Film policy in the United Kingdom is comprised of two complementary strands: the development of regional production clusters and the positioning of the United Kingdom as a film hub in the global film industry. This article examines the relationship between the regional, national and global scales in feature film production in three UK regions—Northern Ireland, Scotland and the South West of England—from 2004 to 2006. The results indicate that connections between the regions of the United Kingdom and the global film industry are limited, and that where they do exist these connections are either directly to or mediated through London, which functions as the dominant centre of distribution and finance—and therefore decision-making—in the UK film industry. Northern Ireland, by virtue of its cultural and economic relationship to the Republic of Ireland, stands out as a region in which its connections to other major decision-making centres are as important as its connections to London. The results suggest that while UK film policy has sought to redistribute the productive capacity of the industry, the autonomy of regional production centres remains limited.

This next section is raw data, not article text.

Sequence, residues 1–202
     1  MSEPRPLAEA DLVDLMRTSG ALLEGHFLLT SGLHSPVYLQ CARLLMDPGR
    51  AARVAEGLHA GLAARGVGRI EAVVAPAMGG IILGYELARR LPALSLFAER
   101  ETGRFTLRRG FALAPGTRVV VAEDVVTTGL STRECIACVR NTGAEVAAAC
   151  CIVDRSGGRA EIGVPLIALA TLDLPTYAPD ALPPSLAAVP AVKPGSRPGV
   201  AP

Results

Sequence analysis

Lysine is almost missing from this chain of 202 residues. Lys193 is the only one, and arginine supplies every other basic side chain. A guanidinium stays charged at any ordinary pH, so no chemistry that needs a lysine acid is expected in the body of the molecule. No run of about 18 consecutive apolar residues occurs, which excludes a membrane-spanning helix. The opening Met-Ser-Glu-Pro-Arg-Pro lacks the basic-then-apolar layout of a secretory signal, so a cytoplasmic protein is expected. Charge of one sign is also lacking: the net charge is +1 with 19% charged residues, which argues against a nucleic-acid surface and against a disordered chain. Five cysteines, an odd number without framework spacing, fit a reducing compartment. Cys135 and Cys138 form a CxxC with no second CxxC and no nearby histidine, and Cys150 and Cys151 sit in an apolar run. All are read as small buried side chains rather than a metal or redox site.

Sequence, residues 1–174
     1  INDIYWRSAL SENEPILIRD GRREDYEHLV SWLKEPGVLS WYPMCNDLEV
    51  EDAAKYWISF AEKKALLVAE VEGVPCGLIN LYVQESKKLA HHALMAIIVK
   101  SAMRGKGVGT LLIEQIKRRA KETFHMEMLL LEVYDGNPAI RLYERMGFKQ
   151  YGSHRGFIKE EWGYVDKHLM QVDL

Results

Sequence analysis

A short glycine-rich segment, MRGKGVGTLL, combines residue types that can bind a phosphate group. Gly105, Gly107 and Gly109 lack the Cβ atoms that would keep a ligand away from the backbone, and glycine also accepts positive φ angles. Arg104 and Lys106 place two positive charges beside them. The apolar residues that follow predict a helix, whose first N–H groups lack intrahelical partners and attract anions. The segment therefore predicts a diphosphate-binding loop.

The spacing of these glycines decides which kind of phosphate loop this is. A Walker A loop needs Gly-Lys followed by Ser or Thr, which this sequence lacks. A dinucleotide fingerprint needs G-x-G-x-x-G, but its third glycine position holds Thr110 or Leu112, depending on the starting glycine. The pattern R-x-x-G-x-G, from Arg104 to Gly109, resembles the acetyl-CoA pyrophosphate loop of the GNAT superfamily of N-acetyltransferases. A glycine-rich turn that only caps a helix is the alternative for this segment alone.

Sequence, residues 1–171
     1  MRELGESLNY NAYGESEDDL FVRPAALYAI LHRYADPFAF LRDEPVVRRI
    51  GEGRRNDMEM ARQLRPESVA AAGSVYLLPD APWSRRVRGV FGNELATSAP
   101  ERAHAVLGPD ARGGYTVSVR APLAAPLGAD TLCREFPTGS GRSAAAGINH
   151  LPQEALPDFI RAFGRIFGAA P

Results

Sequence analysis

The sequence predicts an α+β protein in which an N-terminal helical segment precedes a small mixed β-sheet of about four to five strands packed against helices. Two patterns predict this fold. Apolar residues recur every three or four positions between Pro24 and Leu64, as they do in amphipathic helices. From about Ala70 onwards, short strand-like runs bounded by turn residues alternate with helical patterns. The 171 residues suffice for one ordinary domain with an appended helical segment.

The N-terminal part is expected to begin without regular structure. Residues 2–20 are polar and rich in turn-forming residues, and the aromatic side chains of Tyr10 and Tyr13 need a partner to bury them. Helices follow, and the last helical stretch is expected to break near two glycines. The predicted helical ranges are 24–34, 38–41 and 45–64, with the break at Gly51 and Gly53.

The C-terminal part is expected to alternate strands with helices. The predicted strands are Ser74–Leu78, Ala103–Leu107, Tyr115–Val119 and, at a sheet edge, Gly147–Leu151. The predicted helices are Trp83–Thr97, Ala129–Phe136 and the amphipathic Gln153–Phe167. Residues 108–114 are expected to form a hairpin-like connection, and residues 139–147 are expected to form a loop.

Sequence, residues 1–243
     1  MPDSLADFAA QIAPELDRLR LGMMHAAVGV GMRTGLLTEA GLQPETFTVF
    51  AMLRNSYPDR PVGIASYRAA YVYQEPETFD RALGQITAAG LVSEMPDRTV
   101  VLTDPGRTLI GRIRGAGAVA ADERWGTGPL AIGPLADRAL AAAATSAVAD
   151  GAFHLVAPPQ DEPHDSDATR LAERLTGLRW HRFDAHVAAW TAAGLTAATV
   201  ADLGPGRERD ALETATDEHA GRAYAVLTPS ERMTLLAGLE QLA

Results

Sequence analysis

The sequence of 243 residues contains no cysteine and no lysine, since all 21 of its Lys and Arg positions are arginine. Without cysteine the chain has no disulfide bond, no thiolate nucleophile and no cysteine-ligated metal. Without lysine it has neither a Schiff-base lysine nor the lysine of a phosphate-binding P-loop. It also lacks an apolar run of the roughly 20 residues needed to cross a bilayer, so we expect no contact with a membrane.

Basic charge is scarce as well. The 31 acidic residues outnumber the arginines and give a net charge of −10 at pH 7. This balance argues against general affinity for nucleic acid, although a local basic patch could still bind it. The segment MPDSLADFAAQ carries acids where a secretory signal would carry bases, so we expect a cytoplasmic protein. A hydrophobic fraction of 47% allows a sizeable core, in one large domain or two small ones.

|Number of pages||15|
|Publication status||Published - 2010|
- British cinema
- Film industry
- Film policy